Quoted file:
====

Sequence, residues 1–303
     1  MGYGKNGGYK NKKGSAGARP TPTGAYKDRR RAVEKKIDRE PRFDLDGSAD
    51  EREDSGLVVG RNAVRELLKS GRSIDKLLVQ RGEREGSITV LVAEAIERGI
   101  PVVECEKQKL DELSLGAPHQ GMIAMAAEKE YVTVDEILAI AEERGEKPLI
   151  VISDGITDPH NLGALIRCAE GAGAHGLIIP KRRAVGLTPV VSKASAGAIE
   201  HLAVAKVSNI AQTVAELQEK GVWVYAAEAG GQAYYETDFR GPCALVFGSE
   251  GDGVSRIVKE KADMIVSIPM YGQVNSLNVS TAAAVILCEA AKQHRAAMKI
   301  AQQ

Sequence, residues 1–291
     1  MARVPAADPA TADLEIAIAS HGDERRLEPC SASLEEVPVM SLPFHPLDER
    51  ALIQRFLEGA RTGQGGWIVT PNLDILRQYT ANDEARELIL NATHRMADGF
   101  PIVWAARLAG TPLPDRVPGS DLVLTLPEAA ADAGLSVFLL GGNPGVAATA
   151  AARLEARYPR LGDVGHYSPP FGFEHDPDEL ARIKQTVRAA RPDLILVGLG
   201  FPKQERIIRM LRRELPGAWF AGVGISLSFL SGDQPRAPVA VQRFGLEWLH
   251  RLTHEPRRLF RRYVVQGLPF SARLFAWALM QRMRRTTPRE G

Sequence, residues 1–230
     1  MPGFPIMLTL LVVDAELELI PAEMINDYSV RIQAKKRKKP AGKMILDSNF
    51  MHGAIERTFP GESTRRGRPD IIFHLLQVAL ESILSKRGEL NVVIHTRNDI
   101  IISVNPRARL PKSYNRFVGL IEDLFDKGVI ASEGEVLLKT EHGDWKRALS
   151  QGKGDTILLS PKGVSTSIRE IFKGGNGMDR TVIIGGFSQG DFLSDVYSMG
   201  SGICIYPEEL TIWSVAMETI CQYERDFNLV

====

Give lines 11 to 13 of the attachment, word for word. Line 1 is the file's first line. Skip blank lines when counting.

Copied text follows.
    51  ALIQRFLEGA RTGQGGWIVT PNLDILRQYT ANDEARELIL NATHRMADGF
   101  PIVWAARLAG TPLPDRVPGS DLVLTLPEAA ADAGLSVFLL GGNPGVAATA
   151  AARLEARYPR LGDVGHYSPP FGFEHDPDEL ARIKQTVRAA RPDLILVGLG